On April 28, 1788, the Maryland Legislature, by a vote of 63 to 11, became the seventh state to ratify the new proposed national Constitution.
With the creation of Allegany on December 25, 1789, the number of counties in Maryland increased to nineteen, a number that stayed constant until 1837. In addition, Baltimore and Annapolis were classified as cities.
Maryland had three Legislative bodies. The House of Delegates, which was elected annually in October, had eighty members; four were chosen at large from each county and two from both Baltimore City and Annapolis.
A State Senate of fifteen members was chosen every five years in early September and by an unusual method. An Electoral College of forty members was chosen, consisting of two members from the counties and one each from Baltimore City and Annapolis. The Electoral College then voted to elect nine Senators to represent the Western Counties and six for what was termed the Eastern Shore. There was not much interest in these elections until 1801, when for the first time; they became a political contest between the Federalist and Republican parties.
In addition to the above, a Governor’s Council of five members was elected annually by a joint session of the House of Delegates and State Senate. They assisted the Governor who was also chosen yearly by the Legislature.
Since the House of Delegates and State Senate voted together in electing the Governor, United States Senators and Governor’s Council, a potentially difficult situation could arise, if control of these two bodies was split between both parties. This played out in the election of 1800, when for the first time, Republicans won control of the House of Delegates, but Federalists still controlled the State Senate. As a result, the Federalists were able to elect their Governor, United States Senator and the entire Governor’s Council, even though Republicans had clearly won the state election.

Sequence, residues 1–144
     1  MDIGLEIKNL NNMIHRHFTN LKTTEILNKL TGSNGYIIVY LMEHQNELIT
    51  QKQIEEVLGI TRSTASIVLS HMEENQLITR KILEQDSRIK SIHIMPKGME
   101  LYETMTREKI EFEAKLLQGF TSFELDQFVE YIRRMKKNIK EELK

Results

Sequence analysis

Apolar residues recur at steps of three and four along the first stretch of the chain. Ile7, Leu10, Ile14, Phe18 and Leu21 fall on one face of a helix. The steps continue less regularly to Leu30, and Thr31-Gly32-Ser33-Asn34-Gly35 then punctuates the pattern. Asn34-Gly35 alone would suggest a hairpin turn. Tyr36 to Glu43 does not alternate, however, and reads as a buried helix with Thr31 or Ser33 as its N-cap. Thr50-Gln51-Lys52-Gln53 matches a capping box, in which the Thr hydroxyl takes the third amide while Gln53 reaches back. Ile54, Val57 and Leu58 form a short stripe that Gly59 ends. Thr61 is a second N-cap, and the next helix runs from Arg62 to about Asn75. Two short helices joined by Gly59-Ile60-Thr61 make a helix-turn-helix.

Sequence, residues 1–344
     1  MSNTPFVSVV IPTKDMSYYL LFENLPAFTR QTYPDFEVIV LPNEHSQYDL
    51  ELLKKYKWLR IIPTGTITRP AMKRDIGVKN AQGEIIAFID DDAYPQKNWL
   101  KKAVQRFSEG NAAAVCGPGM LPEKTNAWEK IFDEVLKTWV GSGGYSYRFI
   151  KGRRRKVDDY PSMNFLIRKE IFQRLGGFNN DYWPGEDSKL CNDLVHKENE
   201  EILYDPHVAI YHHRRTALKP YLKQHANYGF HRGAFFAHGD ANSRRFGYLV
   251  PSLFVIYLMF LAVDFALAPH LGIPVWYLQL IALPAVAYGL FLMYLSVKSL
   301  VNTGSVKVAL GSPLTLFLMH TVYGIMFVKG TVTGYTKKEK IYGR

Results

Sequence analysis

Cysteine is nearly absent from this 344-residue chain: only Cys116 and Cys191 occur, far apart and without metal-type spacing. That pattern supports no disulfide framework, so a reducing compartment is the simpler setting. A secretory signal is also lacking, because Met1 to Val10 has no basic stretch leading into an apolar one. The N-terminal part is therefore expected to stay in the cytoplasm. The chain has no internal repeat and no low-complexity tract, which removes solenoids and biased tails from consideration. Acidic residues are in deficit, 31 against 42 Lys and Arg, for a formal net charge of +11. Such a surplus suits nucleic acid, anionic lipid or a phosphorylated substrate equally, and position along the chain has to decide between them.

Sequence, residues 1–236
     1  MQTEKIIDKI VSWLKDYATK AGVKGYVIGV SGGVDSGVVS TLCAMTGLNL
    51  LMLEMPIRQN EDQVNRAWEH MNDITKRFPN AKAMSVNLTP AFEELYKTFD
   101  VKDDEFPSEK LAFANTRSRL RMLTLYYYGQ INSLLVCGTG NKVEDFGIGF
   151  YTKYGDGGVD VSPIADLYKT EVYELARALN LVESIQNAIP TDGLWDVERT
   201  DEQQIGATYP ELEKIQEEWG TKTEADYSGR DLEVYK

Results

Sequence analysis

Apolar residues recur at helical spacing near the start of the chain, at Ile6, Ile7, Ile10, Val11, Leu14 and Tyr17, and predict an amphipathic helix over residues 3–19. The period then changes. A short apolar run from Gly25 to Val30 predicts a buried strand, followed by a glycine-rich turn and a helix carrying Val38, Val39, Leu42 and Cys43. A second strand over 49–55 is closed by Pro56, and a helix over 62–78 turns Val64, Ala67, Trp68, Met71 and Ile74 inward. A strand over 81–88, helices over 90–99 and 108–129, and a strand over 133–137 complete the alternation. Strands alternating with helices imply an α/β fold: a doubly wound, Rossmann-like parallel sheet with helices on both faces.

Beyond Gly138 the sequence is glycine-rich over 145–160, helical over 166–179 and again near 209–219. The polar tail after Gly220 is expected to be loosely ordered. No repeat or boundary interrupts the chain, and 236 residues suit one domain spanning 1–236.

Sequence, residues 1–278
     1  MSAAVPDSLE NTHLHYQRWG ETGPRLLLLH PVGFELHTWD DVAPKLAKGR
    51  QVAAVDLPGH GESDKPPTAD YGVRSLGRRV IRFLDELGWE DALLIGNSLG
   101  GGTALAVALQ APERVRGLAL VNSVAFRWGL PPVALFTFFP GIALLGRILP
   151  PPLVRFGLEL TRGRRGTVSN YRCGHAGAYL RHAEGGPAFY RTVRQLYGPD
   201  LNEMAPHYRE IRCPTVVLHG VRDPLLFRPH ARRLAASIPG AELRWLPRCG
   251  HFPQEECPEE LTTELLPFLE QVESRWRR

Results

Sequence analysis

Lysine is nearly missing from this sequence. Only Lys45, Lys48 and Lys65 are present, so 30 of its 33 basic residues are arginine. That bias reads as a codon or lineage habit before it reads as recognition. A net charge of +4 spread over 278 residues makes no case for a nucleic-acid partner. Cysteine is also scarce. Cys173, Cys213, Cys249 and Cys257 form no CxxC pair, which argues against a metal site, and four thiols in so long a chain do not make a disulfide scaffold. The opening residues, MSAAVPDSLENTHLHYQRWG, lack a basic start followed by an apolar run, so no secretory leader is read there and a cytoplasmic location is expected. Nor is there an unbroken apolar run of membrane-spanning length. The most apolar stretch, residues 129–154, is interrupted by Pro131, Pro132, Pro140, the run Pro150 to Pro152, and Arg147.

Popular elections were held in Maryland for Congress, Presidential Electors, House of Delegates, State Senator Electors and County Sheriff. After the elections of 1788 and 1792, all Congressmen and Presidential Electors were chosen by districts. In addition, popular elections for city officers were held in Baltimore and Annapolis.
Except for the overwhelming Republican vote from Baltimore City, the parties were over all fairly evenly matched. After losing control of the state in 1801, the Federalists stayed relatively competitive and were able to rebound and capture the House of Delegates in 1808, and again from 1812–1817. Their greatest victory came in 1816 when they elected five out of nine congressmen, all fifteen State Senators, and had a 56 to 24 edge in the House of Delegates.
With their large majorities in the House of Delegates after 1812 and then by winning the State Senate in 1816, the Federalists were able to elect their Governors and Council members from 1812–1818 along with two United States Senators, one in 1813 and another in 1816. For several years they were in complete control of the Maryland Government.
By 1819 the Federalists lost their majority in the House of Delegates and two years later the entire State Senate. Only fourteen Federalists were elected to the House of Delegates in 1823. However, the following year in an unexpected turn of events, Federalists ran candidates in seven of the eight congressional contests, electing three members and losing another by running two candidates, splitting their votes, thus allowing a Republican to win. Voter turnout for this election was the highest ever cast in Maryland. It was perhaps a precursor to the changing political scene that was about to engulf the nation.
- "State History", Maryland, Things to do.com, (2006)Software Solutions
- Archives of Maryland Historical List Maryland Government
Republican splinter parties